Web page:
Spring: To Seed or Not To Seed- "The Lawn Care Nut"
April 20, 2017
Now that most of the country’s lawns have woken up from winter slumber, undoubtedly you are noticing areas of the lawn that are lagging or struggling. Perhaps you are even seeing damage caused by freeze/thaw, heavy winter foot traffic (building that snowman out front has consequences!) or even rodent damage.
And for many homeowners, the first thought at the sight of these or other problems is “I’ll just seed my way right through this and be fine!”
However, I caution against this.
In general, I’m not a fan of the spring seeding. Reason being is growing new turf in the lawn basically shuts down your ability to prevent and tackle bigger problems that could cause larger bare spots down the road, in spite of your successful seeding efforts. I’m primarily talking about problem grasses like crabgrass, and broadleaf weeds.
In typical home lawn situations, it’s advisable to apply a pre-emergent herbicide to the lawn early in the growing season (timing varies by region). These herbicides target very young plants below the soil line and disrupt them before they can grow, thus preventing the problem. The challenge here, however, is those same herbicides will also prevent your new grass seed from growing.
So you have a decision to make then: Do I want to speed up the repair of these bare areas by seeding and potentially battle more crabgrass and weeds down the road?... Or do I want to take another route?
I always tell folks to look back at past “lawn data” as an indicator of future lawn results and use those to determine what course of action is best. You see, lawns almost always look bad after winter, no matter how healthy and vigorous they were the previous growing season. But you know what? They always wake up at some point and start to grow again. Even grass growing along the interstate is green in spring, and no one gives it any love.
So the first question to ask is: “What did my lawn look like last year in the fall?”
If it was pretty green, sufficiently thick, and there were no major issues, then you can rest assured it will probably recover just the same way this season. Sometimes we are just a little too impatient and want it to wake up faster than nature intends it to. If you have lingering brown areas, get out the rake and do some light pulls through those spots - idea there is to create some additional air flow and hopefully jumpstart growth.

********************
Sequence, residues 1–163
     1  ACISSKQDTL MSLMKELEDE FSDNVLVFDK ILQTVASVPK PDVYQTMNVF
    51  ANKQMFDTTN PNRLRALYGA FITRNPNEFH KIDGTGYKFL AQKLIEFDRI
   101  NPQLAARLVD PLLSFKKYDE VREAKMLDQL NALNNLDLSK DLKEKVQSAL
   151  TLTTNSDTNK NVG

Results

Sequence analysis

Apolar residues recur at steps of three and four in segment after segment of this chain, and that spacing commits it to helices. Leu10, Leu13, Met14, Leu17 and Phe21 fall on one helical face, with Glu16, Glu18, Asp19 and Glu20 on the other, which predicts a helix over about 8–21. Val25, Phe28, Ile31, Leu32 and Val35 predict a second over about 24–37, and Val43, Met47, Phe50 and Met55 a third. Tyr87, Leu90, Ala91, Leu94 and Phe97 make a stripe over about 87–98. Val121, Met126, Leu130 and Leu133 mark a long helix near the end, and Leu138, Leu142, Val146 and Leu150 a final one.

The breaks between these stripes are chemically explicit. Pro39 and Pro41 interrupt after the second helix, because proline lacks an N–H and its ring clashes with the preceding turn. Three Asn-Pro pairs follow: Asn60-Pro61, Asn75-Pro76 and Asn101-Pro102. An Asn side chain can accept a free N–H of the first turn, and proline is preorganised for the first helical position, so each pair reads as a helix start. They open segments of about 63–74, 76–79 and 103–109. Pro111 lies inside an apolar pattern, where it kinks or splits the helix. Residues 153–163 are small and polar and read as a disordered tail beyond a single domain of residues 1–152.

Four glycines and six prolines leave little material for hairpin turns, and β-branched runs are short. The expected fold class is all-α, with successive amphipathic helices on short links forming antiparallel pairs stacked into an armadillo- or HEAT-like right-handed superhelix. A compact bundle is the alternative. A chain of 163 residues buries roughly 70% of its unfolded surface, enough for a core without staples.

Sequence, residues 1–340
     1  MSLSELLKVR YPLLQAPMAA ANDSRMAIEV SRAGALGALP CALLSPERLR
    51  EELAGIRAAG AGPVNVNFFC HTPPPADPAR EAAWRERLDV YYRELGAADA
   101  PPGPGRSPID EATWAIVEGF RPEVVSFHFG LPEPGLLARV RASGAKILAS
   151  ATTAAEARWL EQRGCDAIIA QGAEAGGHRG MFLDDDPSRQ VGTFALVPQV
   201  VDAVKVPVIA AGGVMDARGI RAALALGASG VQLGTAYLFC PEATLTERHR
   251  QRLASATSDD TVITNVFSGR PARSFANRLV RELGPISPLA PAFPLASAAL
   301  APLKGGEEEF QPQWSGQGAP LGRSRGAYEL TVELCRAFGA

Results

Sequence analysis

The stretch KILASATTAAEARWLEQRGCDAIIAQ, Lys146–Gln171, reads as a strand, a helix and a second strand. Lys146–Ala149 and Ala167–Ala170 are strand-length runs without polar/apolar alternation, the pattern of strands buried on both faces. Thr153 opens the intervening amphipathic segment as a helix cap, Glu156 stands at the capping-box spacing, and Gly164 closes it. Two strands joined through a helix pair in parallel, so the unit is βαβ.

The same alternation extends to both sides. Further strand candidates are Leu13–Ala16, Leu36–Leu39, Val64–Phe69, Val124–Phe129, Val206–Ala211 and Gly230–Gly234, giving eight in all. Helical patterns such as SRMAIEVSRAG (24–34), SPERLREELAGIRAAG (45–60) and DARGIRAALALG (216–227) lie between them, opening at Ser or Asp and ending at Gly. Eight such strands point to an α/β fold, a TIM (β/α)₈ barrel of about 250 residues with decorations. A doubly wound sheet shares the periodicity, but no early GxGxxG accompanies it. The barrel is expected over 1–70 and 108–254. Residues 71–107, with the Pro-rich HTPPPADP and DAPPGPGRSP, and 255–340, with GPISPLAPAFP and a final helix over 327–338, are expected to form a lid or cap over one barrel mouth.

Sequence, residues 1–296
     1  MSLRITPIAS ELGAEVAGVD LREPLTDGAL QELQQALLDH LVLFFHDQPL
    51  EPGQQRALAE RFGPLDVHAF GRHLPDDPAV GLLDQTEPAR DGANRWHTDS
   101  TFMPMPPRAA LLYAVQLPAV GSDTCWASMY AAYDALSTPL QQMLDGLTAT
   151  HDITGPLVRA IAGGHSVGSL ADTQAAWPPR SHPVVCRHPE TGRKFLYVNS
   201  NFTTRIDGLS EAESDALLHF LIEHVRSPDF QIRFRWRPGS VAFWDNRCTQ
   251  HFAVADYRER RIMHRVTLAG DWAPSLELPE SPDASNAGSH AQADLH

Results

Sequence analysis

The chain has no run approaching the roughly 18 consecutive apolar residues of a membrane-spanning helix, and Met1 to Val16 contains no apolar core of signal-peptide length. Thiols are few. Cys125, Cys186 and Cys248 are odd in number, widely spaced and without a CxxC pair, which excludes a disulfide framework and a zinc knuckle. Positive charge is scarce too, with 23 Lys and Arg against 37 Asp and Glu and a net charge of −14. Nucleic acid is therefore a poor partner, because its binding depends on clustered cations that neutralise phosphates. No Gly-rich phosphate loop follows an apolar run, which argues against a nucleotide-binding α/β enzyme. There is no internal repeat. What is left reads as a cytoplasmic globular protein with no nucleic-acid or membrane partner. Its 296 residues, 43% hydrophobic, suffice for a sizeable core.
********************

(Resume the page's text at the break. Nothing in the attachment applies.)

Secondly, take note of the troubled thin areas. Are the damaged areas bigger than the size of a basketball? If not, then Spring rains coupled with a good dose of Milorganite and consistent regular mowing will help them close back in rather quickly, most oftentimes in just a few weeks.
Lastly, let’s strengthen what we have, rather than spend money on adding something new. That’s where our pal “Milo” comes in. I like to get an early start on dominating my neighborhood with that rich blue-green color I get from Milorganite, but there is more to it than just that. I like laying down a full strength dose of Milorganite right alongside my early season pre-emergent application.
(I recommend pre-emergent applications that are NOT mixed with fertilizers)
This way, while I’m preventing crabgrass, I’m giving my soil and in turn turf roots, organic matter and nutrients to help stimulate early spring growth and vigor, and of course, neighborhood domination. Getting an early start also allows me to take full advantage of Spring rains that in-and-of-themselves bring natural nitrogen from the air that plants just love. Additionally, there is no irrigation system or impact sprinkler that can do a better job of wetting your lawn than a good rain can.
Getting started a little earlier with your Milorganite treatments is, in my opinion, a better option than slogging grass seed all over the place and hoping the birds don’t eat it while the crabgrass takes over.
Above all: have faith in your lawn. Barring major issues with insects, disease of mechanical damage (thanks snow plow guy!) turf is very resilient and just needs a little help from its friends Milo and Mother Nature to really fill in thick in spring and look beautiful all season.
Author’s Note: Yes, of course, there are pre-emergents that are safe for seeding, but that’s more “deep-end-of-the-pool” stuff and not applicable to the masses - who this article is written for :) When it comes to the average home lawn, it’s always best to keep it simple.